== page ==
The Metro-North Railroad took a hard hit after a Federal Railroad Administration report today said the commuter rail company has emphasized on-time performance over the safety of its riders and workers.
Metro-North president Joseph Giulietti admitted at a press conference today that safety has not been the top priority given the series of rail-related accidents over the past year.
“I have a clear message for our customers and our employees: Safety must come first at Metro-North,” Giulietti said. “I will not allow any Metro-North trains to run unless I’m confident that they will run safely.”
The report, called “Operation Deep Dive,” involved the collaborative work of 60 experts in railroad operations and safety who observed the daily activities of Metro-North for 60 days.
The evaluation examined the following:
● track, signal and rolling stock maintenance, inspection and repair practices
● protections for employees working on rail infrastructure, locomotives and rail cars
● communication between mechanical and transportation departments at maintenance facilities
● operations control center procedures and rail traffic controller training
● compliance with federal hours-of-service regulations
● employees’ understanding and execution of all applicable federal regulations
● locomotive engineer oversight
● engineer and conductor certifications
● operating crew medical requirements
The report emphasized a string of tragedies this past year following the recent death of a track worker Monday when a Poughkeepsie-bound train going through Harlem hit him. The report cited several incidents that reflect Metro-North’s “deficient safety culture.”
In May 2013, a track foreman was struck and killed in West Haven, Conn. A New Haven line train derailed last year in Bridgeport, and a Hudson Line train jumped a track as it was reportedly speeding, killing four and leaving 100 others injured in the Bronx.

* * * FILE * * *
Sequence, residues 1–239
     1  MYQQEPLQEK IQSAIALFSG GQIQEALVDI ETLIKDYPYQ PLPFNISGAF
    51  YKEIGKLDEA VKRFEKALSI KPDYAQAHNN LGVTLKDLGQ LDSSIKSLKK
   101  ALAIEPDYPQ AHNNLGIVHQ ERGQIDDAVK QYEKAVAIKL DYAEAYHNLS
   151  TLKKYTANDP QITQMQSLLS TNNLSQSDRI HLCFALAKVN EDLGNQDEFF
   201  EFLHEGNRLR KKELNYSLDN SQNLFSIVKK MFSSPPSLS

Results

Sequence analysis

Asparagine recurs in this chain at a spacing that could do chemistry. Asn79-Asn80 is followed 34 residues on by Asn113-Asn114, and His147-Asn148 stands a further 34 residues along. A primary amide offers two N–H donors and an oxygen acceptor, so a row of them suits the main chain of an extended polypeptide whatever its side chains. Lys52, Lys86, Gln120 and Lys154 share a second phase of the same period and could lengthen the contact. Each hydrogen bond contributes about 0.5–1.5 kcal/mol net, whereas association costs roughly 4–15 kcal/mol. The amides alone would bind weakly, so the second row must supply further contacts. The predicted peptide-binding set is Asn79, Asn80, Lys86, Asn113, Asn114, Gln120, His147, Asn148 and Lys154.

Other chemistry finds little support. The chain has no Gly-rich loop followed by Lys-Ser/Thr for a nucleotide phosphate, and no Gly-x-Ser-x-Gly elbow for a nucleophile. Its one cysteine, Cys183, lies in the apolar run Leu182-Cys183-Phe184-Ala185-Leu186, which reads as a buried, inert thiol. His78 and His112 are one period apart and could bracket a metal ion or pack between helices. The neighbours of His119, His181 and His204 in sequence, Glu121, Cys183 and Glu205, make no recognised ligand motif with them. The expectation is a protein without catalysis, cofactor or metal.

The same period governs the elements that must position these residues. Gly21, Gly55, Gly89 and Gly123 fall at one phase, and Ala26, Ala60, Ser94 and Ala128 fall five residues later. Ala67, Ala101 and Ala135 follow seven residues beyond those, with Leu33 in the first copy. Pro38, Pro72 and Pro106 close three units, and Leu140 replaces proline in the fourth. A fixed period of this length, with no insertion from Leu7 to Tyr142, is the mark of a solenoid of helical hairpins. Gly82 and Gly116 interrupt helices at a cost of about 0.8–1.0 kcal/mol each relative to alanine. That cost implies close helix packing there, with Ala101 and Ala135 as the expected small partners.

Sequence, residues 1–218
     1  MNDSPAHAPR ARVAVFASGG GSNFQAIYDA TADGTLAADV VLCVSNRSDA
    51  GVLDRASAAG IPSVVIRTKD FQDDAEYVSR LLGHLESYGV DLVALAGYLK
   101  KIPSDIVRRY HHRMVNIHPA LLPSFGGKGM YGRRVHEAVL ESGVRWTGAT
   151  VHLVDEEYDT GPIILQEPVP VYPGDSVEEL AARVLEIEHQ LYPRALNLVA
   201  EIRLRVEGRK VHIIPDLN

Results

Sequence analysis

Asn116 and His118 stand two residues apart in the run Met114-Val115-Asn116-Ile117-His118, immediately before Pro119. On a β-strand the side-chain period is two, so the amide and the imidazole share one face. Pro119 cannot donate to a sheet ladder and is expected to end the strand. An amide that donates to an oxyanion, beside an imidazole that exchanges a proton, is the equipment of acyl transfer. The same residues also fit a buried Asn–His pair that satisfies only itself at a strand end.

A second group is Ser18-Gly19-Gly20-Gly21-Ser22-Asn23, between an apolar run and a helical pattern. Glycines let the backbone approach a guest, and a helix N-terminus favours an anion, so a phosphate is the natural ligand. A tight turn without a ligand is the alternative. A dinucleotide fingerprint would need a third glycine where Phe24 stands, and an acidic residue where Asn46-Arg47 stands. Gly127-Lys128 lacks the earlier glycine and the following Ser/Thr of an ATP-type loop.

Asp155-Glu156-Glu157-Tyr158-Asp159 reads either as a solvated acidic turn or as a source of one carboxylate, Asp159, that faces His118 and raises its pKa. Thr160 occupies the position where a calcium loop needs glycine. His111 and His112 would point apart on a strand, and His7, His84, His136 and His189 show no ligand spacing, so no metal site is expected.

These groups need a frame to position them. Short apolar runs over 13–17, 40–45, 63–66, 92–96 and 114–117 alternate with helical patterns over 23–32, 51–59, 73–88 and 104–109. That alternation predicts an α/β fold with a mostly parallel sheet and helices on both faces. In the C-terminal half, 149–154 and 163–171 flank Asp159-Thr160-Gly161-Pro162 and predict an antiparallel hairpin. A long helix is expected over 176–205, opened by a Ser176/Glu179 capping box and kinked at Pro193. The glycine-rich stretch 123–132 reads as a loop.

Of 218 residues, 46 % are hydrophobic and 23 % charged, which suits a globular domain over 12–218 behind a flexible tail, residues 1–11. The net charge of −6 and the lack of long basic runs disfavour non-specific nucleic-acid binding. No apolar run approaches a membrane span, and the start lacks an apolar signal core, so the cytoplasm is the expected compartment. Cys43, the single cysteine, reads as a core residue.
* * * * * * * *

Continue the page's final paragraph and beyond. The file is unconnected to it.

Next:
Going forward, Giulietti said the Metro-North will continue working with the FRA and National Transportation Safety Board to ensure safety awareness is heightened and incorporate the findings of a study from the MTA’s Blue Ribbon Panel, which has yet to be released.
“We are asking our board for permission to move forward on installing cameras in all our trains, as the NTSB has recommended,” Giulietti said. “And we will install Positive Train Control – the most modern type of train protection – as quickly as possible.”
A 100-day plan, which Giulietti proposed this month after assuming office in February, will address specific issues the FRA raised. Connecticut Gov. Dannel Malloy said he expects the FRA’s recommendations to be quickly implemented as top priorities on the 100-day plan.
“I want that report in short order, so that riders will have deadlines and benchmarks that will hold the railroad accountable,” Malloy said in a press release. “I expect, and indeed senior management has assured me, that Metro-North will focus on restoration of the highest quality, safe service in the industry and restore the New Haven to a ‘best-in-class’ railroad.”
Jim Cameron, founder of Commuter Action Group, a web forum where commuters can share their qualms about the Metro-North, said the findings in the FRA reports were “even worse than we thought.”
“It’s one thing to solve the safety and maintenance issues by finding more funding, and that must be done,” Cameron said. “But a far greater challenge is changing the operational ‘culture’ at Metro-North to instill safety as job one and hold every employee accountable.”
Metro-North’s next step is to submit a plan addressing all of the FRA’s recommendations by May 17.
NOTE: An earlier version of this article stated that the Deep Dive report mentioned the death of a track worker who was struck by a Poughkeepsie-bound train going through Harlem on Monday, March 10. The report does not mention this recent incident.
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